The explosions in Istanbul during George W. Bush's state visit to Britain lit up the unbridgeable gulf between the government officials sealed in their security bubble and the mass of protesters who filled London's streets for the fourth time in a year--a gulf made of deep disagreements about the roots of terrorism, ends and means, the requirements of good faith. On the day of the first Al Qaeda attacks on British targets, Bush and Blair continued to insist that they are winning the "war on terror" and that violence must be curbed with violence. In Trafalgar Square a young woman held up her answer on a placard: "War Is Peace. Freedom Is Slavery. Ignorance Is Strength."
There's no mistaking the message of Bush's London holiday. From the moment his armored helicopter touched down under cover of darkness behind Buckingham Palace, London became a fortress for his protection. Thousands of police officers in Day-Glo jackets filled the city center while snipers kept watch from rooftops under a sky empty of planes. Roads and squares were sealed off; some MPs were shut out of the House of Commons, where crucial votes on National Health Service reform were taking place. Papers here reported that the White House had demanded diplomatic immunity for American special agents in case they shot protesters, the installation of bullet-proof windows in Buckingham Palace, the right to patrol London's airspace with US fighter jets and helicopter gunships, and a guarantee from Scotland Yard that protesters would be kept out of camera shot of the President. There was no walkabout à la Bill Clinton, no ride with the Queen in the traditional open carriage. Instead, Bush was driven from the back of the palace to the front in his own armored Cadillac for the official welcoming ceremony--a made-for-TV election commercial that no one could get close enough to watch. This was the new empire condescending to the old while borrowing a little of its glitter-and-paste glamour.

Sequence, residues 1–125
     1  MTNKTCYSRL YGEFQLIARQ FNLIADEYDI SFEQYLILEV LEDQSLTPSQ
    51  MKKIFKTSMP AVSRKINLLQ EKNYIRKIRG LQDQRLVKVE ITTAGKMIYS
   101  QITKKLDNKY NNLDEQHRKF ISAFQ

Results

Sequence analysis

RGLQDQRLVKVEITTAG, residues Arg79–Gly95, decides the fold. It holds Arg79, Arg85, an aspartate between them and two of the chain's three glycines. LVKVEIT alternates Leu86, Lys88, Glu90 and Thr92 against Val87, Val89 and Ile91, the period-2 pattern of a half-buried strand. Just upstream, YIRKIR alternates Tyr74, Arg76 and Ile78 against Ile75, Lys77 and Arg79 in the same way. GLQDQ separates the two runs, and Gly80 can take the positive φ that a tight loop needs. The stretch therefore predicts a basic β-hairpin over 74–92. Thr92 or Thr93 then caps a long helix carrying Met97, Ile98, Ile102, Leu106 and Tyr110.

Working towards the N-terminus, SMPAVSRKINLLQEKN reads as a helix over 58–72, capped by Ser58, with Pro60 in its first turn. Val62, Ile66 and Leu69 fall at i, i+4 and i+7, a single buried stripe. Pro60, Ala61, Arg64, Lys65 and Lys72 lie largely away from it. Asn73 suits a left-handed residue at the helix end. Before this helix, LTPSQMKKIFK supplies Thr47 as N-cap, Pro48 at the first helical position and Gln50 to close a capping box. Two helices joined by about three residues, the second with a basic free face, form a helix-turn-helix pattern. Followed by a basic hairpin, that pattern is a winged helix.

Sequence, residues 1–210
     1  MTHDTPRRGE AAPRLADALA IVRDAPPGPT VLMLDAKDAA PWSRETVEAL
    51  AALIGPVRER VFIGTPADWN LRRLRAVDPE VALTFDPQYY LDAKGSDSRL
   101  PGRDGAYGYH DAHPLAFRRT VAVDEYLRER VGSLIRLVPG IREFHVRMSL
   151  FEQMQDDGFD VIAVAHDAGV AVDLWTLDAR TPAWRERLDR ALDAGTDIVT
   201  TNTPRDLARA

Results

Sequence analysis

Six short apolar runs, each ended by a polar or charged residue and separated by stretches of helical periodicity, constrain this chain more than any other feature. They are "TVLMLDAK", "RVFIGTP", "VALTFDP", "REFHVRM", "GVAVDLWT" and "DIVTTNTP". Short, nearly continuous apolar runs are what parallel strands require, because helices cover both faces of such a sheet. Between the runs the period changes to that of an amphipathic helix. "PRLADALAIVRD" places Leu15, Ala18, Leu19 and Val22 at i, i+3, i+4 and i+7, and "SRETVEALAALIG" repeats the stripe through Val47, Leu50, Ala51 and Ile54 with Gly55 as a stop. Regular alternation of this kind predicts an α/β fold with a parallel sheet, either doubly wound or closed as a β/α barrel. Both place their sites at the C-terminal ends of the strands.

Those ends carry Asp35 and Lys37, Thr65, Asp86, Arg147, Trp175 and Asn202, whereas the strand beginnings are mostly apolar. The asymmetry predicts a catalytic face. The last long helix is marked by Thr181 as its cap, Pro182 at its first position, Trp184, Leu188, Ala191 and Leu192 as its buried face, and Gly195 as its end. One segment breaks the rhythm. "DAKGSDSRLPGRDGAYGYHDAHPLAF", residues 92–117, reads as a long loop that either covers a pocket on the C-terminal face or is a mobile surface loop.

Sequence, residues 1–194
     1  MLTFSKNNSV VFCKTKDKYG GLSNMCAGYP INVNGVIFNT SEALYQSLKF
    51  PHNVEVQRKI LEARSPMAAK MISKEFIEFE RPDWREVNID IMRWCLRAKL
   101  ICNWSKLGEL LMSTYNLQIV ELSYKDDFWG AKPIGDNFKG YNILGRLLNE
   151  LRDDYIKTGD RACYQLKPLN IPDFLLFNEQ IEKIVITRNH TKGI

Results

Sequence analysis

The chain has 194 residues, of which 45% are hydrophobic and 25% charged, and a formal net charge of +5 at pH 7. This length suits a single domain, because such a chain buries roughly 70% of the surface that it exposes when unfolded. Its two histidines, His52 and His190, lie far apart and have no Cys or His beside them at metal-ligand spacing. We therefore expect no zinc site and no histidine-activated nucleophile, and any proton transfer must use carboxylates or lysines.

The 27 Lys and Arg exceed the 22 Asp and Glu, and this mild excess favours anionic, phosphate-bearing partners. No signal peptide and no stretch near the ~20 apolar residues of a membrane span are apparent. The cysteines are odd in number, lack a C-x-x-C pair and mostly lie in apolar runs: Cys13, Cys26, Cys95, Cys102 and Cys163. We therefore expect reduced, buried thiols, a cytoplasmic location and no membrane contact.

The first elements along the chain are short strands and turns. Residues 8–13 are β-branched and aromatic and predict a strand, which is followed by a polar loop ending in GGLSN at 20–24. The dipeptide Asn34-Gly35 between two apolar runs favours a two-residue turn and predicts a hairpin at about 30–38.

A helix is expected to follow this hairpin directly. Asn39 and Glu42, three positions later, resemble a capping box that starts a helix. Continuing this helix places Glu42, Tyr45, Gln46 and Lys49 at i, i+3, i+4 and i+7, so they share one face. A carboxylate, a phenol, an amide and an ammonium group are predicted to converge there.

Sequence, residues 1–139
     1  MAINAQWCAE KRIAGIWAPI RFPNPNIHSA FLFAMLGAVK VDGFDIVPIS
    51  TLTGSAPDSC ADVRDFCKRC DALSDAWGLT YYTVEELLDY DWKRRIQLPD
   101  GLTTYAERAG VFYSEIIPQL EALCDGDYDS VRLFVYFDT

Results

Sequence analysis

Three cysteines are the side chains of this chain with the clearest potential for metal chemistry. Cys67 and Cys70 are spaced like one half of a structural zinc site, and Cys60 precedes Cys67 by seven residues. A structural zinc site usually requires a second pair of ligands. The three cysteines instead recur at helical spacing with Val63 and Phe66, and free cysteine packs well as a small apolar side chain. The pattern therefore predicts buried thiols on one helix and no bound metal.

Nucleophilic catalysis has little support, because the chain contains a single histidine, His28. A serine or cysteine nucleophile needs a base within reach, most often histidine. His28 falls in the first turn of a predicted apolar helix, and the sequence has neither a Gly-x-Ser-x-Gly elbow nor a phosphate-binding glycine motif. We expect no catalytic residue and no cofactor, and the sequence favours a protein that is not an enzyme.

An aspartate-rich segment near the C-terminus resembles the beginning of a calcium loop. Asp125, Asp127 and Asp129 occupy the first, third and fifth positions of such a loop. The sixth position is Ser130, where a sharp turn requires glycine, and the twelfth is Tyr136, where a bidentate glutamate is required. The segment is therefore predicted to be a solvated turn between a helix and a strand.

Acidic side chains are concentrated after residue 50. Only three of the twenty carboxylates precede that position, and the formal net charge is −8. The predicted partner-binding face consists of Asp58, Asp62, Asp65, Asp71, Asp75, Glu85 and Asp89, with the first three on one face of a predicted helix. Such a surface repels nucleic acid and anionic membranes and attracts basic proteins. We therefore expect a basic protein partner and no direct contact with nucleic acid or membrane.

Far from an affirmation of friendship, the visit felt to Londoners--even to many who did not oppose the war--like an assertion of absolute, arrogant power. It was as if, after months of putting the case for sticking with America to a skeptical population, Blair had decided to end the conversation with incontrovertible evidence of our subservience, now a fait accompli. Bush's performance did nothing to reassure those who think he has no understanding of the world beyond Washington. Like a house guest who brings his own coffee in case yours is the wrong brand, he spent the visit locked in his own portable world and his own weary rhetoric. His big speech before an invited audience of foreign policy specialists set out his "three pillars of peace and security" in terms tailored to appeal to a European audience, with nods to the importance of international institutions and the need for concessions by Israel. But the real message was that America will stop at nothing to impose its will on the world: "We have...a power that cannot be resisted--and that is the appeal of freedom to all mankind." Meanwhile, less than a mile away, Pentagon hawk Richard Perle was deviating from the official London-Washington line by acknowledging that the invasion of Iraq was indeed illegal: "I think in this case international law stood in the way of doing the right thing."